bundled and operated at higher and more abstract levels.
      One of the most important features of Jamoma in my mind is the framework
      for how to design modules in a stringent way that ensures easy
      communication between them using OpenSoundControl, and with a number of
      common features implemented in the modules by default (e.g. muting,
      bypassing, dry/wet mix, gain control for audio effects patches). I
      hardly ever use any of the provided modules for my own work (except for
      spatialisation modules added lately), but the structure itself I use all
      the time.
      Jamoma is maintained using subversion at sourceforge.net. As we are
      several developers collaborating on Jamoma, this is a big benefit, and
      it also means that we are able to dig up older versions of modules and
      patches if required. If I only had the time to figure out how to set up
      a subversion system for my own patches, I would definitively do the same
      locally for everything I do in Max.
      At the moment we are four developers actively submitting code to the
      project, and I expect this to increase in the coming months. One of the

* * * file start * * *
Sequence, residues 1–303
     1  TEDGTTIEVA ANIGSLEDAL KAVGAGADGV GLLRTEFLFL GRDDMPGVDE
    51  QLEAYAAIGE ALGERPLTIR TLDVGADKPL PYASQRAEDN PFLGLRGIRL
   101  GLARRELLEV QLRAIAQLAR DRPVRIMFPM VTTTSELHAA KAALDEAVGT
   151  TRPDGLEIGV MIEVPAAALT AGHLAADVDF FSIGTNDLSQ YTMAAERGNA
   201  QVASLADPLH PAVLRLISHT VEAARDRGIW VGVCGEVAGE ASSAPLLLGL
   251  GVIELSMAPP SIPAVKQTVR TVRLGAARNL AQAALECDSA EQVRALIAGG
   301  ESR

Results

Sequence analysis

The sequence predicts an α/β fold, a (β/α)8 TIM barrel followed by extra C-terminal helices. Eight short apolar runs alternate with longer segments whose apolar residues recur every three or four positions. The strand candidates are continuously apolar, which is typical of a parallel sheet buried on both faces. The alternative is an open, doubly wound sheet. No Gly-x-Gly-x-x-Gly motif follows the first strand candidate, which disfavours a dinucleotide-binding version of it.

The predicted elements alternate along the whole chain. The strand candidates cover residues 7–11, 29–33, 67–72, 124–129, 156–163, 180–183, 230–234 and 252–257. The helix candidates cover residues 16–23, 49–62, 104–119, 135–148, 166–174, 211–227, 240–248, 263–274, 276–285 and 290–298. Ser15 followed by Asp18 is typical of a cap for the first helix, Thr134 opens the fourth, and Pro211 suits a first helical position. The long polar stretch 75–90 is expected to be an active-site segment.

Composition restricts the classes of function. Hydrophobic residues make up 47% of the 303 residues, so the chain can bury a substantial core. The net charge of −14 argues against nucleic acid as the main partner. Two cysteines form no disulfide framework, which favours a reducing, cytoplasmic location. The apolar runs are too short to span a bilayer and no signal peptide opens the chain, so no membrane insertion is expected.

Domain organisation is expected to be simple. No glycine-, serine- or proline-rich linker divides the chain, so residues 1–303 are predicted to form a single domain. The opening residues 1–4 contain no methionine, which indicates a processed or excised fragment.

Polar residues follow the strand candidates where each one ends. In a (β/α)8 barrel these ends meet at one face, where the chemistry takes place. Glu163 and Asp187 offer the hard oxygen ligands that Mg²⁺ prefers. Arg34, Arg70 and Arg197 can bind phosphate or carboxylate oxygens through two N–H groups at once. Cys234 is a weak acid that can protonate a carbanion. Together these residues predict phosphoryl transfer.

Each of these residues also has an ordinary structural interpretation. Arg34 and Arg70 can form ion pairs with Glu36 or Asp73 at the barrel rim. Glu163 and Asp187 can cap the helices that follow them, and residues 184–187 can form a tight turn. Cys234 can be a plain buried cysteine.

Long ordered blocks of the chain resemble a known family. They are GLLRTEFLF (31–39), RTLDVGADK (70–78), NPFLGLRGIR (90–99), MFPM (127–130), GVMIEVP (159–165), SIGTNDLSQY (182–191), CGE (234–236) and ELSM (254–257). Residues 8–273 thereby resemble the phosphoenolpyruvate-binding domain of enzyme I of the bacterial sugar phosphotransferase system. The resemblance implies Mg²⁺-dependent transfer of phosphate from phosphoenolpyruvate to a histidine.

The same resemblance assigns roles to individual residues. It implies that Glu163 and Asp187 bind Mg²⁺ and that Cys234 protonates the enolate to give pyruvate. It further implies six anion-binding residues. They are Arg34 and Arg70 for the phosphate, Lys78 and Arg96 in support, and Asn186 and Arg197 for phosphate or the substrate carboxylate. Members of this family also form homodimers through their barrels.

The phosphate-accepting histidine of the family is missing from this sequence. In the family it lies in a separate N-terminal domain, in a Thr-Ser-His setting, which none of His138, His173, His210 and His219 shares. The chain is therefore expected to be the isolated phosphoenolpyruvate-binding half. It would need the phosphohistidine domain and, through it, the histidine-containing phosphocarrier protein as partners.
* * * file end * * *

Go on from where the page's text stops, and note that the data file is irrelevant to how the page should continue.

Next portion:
benefits of this kind of collaboration is that the design is more
      thoroughly conceived, implementation more efficient, and the solutions
      of more general use than if one person should develop this alone. And of
      course development moves a lot faster. As we all use it for different
      purposes and in different ways, I believe that we manage to avoid
      idiosyncratic solutions, so that the architecture can be of more general
      use.
      You can check out Jamoma here:
      I would recommend trying to download from the repository instead of the
      installer, as quite a bit has happened since the 0.3.1 installer was
      uploaded. If you take a look at the Jamoma blog, you will also find
      links to several similar environments for Max developed elsewhere.
      Best,
      Trond
      binez0r wrote:
      > The topic title explains what I want to say as a whole. I feel lost right now and don't have anyone to rant to. I've been working with max for about 3 years now. In the past year its been almost an all day max fiasco trying to get a real composition environment that embraces quite a lot of different mediums and philosophies together. The problem is, well its still in shambles and that's not because its unsolveable. No, the problem is its just a lot of work, and a lot of redundant grunt programming, and miscalculations here and there, and it goes on forever and ever.